the chemistry of paint…

Posted on Saturday 30 April 2016

Dr. Insel’s selection as Director of the NIMH in 2002 was a surprise choice. After losing his position in the NIMH Intramural program, he came to Atlanta to head the Yerkes Primate Center. After one term, he was not reappointed [the scuttle-but – too controlling] and then became Director of a Translational Center, a research consortium of the area Universities put together by Emory Chairman, Charlie Nemeroff. It was a time when Dr. Nemeroff was known as boss-of-bosses with influence felt far and wide, and locally we assumed that Nemeroff had a lot to do with Dr. Insel’s surprise appointment at the NIMH. Years later, after Dr. Nemeroff’s fall from grace, Dr. Insel presumably returned the favor by helping Nemeroff secure another Chairmanship in Miami.

I heard him speak several times in his Atlanta days. He was interesting, knowledgable, enthusiastic, personally humble [unlike his boss]. He struck me as more like an academic biologist than a physician. During his long tenure at the NIMH, it seemed to me that he has come in three distinct flavors over the years:

  1. Clinical Neuroscience: That was a surprise – his becoming a champion for making a dramatic change in a clinical specialty. He wasn’t a clinician himself, and for the NIMH to set the direction for a medical specialty [and even try to change how that specialty approaches diagnosis] is unprecedented. But that’s what happened [fulfilling the scuttle-but – too controlling]. Admittedly, it was a time when biological psychiatry and psychopharmacology were in their ascendency, but Dr. Insel catapulted brain science to an almost exclusive centrality. His enthusiasm for neuroscience breakthroughs was in every talk, every blog post, almost every call for proposals. By natural selection, the NIMH iterated towards becoming the National Institute of Brain Science – at least that’s how it looked to me. And while he often talked about public health statistics, the growing menace of depression, and the need for more treatments, the research was heavily weighted towards basic neuroscience – brain circuitry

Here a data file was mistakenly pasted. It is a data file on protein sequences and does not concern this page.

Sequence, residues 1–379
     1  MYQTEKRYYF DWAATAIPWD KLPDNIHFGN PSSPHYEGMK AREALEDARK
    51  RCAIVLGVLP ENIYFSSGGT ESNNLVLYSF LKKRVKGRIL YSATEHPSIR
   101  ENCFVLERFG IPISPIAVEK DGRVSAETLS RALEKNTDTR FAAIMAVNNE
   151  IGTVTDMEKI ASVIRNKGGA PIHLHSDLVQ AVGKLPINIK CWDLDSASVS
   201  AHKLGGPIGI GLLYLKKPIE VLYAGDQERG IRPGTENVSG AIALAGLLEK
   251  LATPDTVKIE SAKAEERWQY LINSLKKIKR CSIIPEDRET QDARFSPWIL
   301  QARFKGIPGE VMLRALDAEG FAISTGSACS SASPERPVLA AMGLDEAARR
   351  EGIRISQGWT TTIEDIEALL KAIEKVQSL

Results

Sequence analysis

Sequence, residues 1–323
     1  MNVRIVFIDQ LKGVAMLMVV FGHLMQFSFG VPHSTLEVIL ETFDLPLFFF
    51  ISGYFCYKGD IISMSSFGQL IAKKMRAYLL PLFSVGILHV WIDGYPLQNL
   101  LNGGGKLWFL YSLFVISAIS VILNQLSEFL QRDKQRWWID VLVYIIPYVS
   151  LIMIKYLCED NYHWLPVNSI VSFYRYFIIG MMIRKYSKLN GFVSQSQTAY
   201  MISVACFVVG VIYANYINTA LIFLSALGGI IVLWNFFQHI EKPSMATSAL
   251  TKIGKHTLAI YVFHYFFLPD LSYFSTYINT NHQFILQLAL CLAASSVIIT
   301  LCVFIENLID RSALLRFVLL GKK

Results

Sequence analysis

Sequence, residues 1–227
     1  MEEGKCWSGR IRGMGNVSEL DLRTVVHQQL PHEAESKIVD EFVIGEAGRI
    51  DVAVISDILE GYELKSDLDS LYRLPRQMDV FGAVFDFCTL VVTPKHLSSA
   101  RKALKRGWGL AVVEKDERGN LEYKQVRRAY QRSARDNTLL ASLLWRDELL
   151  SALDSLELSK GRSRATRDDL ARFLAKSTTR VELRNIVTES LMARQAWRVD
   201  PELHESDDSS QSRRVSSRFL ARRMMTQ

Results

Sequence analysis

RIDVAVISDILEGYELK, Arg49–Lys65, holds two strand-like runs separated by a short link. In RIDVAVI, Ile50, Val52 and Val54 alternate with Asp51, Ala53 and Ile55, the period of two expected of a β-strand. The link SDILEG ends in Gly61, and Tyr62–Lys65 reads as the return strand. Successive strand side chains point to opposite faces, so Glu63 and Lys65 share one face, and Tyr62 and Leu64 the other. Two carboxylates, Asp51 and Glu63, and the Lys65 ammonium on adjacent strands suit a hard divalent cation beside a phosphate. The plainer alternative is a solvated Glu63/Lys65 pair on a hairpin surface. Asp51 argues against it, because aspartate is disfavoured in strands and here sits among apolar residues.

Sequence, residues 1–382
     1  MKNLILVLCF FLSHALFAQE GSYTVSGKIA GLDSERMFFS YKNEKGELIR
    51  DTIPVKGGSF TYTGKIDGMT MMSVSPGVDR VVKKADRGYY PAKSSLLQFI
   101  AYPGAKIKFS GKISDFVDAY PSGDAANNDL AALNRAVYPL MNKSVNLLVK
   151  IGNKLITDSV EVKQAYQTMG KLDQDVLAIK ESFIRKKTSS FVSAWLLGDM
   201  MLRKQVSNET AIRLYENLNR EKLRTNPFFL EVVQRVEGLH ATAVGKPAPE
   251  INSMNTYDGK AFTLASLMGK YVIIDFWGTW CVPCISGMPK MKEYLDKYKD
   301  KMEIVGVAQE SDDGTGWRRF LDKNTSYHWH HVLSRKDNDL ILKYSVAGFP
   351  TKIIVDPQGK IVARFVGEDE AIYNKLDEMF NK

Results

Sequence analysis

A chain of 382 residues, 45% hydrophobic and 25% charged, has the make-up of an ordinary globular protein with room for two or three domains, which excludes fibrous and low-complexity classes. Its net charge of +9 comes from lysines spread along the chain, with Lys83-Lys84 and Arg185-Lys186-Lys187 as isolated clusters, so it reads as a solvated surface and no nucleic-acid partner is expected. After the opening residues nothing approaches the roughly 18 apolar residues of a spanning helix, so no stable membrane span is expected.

2. Blaming: In the summer of 2011, it became apparent that the pharmaceutical industry was fleeing CNS drug development like rats from a sinking ship. After twenty-five years of variations on a couple of simple themes, they ran out of molecules, and were under siege for overplaying their hands in almost every dimension. Dr. Insel changed. He seemed disgruntled, angry, blaming. He talked of our current treatments as inadequate and seemed to be trying to gear up the NIMH to do something about that through a series of policy changes: RDoC, short trials, accessing industry’s discarded molecules. He was becoming even more controlling than before. It was as if he’d suddenly noticed that the NIMH was out of the loop with treatment research and he was frantically trying to catch up.